Dairy producer Kevin Krentz serves as president of the Wisconsin Farm Bureau and said it was “extremely important” for him to be at the hearing to testify as a leader in Wisconsin agriculture, and he emphasized the importance of dairy farmer involvement.

“Milk pricing is complicated, but farmers explaining how changes have affected them directly is key to any changes to FMMO moving forward,” Krentz said in an interview with Progressive Dairy.

While there were virtual opportunities to testify, Krentz says he sees a lot of value in testifying in person. “I have tried listening as well as watching the hearings virtually. Being in person has given me a much better understanding of who is in the room and how the hearing is progressing.”

In addition to dairy producer testimony, representatives from many dairy cooperatives, dairy processors and dairy/agricultural industry organizations testified in support of and opposition to the proposals. Subject-matter experts also provided additional information in their testimonies that would be relevant to the impact of various proposed changes to milk pricing and FMMOs. After witness testimony was read into the record and recorded by the court reporter, cross-examination provided opportunities to ask follow-up questions of each witness.

Representatives from NMPF, Milk Innovation Group (MIG), International Dairy Foods Association (IDFA), Select Milk Producers and American Farm Bureau Federation (AFBF) frequently cross-examined witnesses, and others also occasionally asked questions during cross-examination. Following cross-examination, USDA’S Agricultural Marketing Service (AMS) staff – led by Erin Taylor – asked additional questions of each witness. Click on the “exhibits” link on the hearing website to read testimony from specific dairy cooperatives, processors, subject-matter experts, dairy producers and others.

Next steps

The hearing is scheduled to reconvene on Nov. 27 at 1 p.m. Eastern time at the same location – 502 Event Center, 502 E. Carmel Drive, Carmel, Indiana. The hearing will move to the Palomino Ballroom, 481 S. 1200 E., Zionsville, Indiana, beginning Monday, Dec. 4 through Dec. 8. Dana Coale, USDA-AMS Dairy Programs deputy administrator, estimated that there are approximately two weeks left of the hearing, but that will depend on the length of testimony and cross-examination and whether the judge decides to incorporate any or all of the four proposals not initially included in the hearing.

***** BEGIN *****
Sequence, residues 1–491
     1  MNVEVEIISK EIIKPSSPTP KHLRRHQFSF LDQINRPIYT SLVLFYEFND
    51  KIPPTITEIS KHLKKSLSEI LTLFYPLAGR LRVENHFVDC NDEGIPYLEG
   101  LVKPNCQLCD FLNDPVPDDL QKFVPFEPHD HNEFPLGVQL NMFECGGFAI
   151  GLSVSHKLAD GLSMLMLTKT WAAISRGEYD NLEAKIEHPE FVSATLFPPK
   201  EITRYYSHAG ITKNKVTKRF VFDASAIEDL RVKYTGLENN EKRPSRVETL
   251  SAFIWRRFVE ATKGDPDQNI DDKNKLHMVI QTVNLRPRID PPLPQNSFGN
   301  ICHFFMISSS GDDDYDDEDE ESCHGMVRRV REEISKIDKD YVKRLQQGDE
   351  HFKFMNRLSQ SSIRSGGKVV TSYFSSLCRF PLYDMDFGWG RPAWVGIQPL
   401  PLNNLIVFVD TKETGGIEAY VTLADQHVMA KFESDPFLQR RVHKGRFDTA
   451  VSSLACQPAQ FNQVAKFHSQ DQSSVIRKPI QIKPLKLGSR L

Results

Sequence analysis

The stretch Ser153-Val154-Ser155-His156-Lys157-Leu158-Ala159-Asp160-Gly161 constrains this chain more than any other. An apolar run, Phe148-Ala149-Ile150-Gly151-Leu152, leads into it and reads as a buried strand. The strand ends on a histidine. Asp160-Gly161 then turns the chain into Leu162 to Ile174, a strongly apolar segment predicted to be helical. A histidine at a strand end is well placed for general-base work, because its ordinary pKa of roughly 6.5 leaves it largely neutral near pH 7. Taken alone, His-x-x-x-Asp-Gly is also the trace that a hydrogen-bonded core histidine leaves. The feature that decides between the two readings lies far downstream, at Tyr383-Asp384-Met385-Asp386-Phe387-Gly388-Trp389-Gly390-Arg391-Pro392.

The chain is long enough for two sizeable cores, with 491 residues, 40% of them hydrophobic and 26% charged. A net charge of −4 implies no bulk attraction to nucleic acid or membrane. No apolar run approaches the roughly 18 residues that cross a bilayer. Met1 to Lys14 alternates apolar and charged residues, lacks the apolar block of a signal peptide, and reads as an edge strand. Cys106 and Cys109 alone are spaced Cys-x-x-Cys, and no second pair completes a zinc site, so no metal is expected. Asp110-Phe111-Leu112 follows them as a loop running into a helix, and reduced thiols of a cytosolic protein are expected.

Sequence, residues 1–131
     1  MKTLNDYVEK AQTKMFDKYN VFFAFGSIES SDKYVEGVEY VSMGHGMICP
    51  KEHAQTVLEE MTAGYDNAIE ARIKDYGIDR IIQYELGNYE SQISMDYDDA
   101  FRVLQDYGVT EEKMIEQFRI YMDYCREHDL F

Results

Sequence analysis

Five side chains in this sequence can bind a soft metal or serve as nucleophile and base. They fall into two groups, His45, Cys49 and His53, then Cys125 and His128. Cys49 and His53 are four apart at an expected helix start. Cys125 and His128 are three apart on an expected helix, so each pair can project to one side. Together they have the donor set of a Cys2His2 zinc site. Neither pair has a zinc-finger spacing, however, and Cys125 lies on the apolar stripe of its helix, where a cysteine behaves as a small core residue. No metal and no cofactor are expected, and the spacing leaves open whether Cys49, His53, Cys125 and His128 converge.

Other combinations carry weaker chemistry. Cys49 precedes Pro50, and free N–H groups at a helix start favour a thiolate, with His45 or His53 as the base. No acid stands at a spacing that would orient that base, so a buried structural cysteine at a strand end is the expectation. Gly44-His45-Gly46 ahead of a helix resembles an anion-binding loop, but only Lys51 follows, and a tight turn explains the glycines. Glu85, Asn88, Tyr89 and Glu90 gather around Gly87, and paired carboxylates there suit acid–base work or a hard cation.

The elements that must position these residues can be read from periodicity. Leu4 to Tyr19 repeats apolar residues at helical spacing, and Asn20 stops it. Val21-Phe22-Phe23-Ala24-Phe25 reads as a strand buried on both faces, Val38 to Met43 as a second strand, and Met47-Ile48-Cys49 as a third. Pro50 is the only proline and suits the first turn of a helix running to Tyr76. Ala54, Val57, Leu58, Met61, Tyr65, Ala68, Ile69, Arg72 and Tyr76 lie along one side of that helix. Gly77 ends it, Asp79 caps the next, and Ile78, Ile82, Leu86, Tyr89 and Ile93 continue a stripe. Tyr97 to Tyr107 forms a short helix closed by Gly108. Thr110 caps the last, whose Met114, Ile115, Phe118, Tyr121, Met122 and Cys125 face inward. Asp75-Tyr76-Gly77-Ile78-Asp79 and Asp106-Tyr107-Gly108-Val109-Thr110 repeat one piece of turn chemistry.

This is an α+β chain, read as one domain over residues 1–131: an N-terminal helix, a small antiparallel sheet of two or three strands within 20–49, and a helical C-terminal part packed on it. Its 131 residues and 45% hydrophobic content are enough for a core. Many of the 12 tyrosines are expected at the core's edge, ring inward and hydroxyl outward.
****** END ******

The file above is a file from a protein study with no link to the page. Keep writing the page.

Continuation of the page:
There will not be virtual testimony opportunities for dairy producers in November and December. Producers who have not yet testified and would like to should plan to testify in person in Indiana, Coale said.

“Producers come first,” Coale added. “So, if a producer shows up, they’re number one. We get them in on the day they show up and within the timeframe they need.”

After the hearing concludes, the judge will review and certify the record. A court reporter has transcribed all testimony and cross-examination, which is approximately 250 pages of transcript per day. According to Coale, there are over 8,000 pages of transcript from the first 33 days of the hearing.

Once the record is certified, the industry will have 30 days to submit corrections and 60 days to file post-hearing briefs. Then, the USDA has 90 days to issue a recommended decision.

That’s followed by a 60-day comment period, and another 60 days for the USDA to develop a final decision, which will go to a producer referendum.

Coale hopes to have that final recommendation to producers to vote on by the first or second quarter of 2025.

Deadlines and next steps will be listed on the hearing website throughout this process.